Wednesday, April 30, 2014
Another book recommendation, courtesy of my Penn State colleague, neuropsychologist Claire Flaherty. The book is "The Banana Lady and Other Stories of Curious Behavior and Speech," by Andrew Kurtisz and first published in 2006. Professor Flaherty accompanied this recommendation with the note that the book presents "truth is stranger than fiction" tales of changes in personality, behaviors and relationships, including the gradual loss of language that can occur even in one's "middle" ages.
The author's bio is also interesting:
Dr. Andrew Kertesz is professor of Neurology in the Department of Clinical Neurological Sciences at the University of Western Ontario. He is Director of Cognitive Neurology and Alzheimer's Research Centre at St. Joseph's Health Care London and former Chief of the Department of Neurology. He graduated from Queen's University in Kingston, Ontario, studied neurology in Toronto, and behavioral neurology in Boston. His publications deal with the classification, localization and recovery in aphasia, as well as alexia, apraxia, visual agnosia and dementia. His books include Aphasia and Associated Disorders by Grune and Stratton (1979), Localization and Neuroimaging in Neuropsychology by Academic press (1994), and his most recent book, co-authored by Dr. David Munoz, is entitled, Pick's Disease and Pick Complex by Wiley-Liss Inc. (1998). Recent research projects are the experimental treatment of Alzheimer's disease, mild cognitive impairment, vascular dementia, primary progressive aphasia, and frontotemoral dementia. He has standardized a Frontal Behavioral Inventory for the diagnosis of Frontotemporal dementia and is active in clinical trials.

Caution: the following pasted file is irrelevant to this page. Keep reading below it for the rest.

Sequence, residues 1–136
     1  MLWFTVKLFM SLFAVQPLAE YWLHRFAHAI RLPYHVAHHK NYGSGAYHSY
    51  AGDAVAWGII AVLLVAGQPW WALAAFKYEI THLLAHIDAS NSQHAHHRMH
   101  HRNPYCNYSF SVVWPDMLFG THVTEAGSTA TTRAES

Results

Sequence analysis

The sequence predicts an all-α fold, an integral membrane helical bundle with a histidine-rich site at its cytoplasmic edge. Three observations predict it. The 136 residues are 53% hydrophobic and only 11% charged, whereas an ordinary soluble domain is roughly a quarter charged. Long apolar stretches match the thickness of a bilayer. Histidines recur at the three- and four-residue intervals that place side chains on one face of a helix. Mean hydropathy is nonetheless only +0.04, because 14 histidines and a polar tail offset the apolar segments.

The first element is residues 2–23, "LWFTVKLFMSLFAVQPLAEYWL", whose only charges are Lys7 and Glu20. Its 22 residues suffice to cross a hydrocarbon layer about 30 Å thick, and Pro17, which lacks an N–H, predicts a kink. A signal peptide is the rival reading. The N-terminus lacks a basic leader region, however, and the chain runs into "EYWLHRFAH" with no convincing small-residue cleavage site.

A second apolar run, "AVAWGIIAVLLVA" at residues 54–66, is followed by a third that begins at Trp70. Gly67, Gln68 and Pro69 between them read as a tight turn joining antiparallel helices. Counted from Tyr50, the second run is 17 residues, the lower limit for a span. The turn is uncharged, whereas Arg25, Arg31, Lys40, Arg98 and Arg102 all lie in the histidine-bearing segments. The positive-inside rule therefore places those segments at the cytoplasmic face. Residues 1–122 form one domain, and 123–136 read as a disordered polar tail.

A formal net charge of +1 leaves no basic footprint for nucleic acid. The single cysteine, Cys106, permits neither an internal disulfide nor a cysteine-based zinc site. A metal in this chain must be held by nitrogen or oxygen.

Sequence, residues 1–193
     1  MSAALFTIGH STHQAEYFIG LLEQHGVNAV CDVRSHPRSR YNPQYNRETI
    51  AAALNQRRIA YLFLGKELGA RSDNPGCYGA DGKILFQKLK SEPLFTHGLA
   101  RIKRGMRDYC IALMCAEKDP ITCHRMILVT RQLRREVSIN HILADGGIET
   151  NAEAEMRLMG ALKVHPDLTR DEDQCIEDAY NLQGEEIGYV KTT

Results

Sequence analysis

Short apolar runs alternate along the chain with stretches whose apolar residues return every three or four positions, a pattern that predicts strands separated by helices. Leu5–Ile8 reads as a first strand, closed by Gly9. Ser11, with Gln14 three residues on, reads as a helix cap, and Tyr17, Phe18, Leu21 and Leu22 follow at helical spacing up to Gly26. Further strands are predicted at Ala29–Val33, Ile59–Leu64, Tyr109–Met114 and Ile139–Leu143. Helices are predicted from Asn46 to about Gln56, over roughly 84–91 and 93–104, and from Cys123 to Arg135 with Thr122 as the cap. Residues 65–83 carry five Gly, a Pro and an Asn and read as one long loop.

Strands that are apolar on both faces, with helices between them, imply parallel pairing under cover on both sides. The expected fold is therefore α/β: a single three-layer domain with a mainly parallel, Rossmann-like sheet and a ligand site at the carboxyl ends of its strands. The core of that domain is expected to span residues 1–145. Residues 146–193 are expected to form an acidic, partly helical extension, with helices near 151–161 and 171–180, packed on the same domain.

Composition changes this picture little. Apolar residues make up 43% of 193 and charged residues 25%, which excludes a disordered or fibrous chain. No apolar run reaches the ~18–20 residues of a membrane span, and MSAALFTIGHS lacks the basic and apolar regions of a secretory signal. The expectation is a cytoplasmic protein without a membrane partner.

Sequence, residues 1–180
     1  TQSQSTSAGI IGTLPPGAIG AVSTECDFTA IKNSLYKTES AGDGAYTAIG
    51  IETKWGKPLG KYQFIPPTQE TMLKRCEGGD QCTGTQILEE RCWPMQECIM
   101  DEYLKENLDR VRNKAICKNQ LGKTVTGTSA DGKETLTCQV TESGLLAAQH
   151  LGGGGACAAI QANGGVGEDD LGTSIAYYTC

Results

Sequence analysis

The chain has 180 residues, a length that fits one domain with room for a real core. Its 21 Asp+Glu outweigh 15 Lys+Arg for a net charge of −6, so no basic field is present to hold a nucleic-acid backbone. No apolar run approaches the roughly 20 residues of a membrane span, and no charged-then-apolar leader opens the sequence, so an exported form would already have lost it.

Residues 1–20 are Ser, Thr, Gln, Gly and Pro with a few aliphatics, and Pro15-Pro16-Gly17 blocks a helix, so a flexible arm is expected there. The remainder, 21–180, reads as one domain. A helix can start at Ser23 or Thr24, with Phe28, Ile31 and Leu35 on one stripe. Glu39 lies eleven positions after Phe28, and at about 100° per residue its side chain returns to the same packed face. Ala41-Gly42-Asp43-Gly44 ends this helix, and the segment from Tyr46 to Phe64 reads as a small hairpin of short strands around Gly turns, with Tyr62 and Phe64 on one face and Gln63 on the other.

Thanks, Claire, for helping to keep our summer reading lists well filled.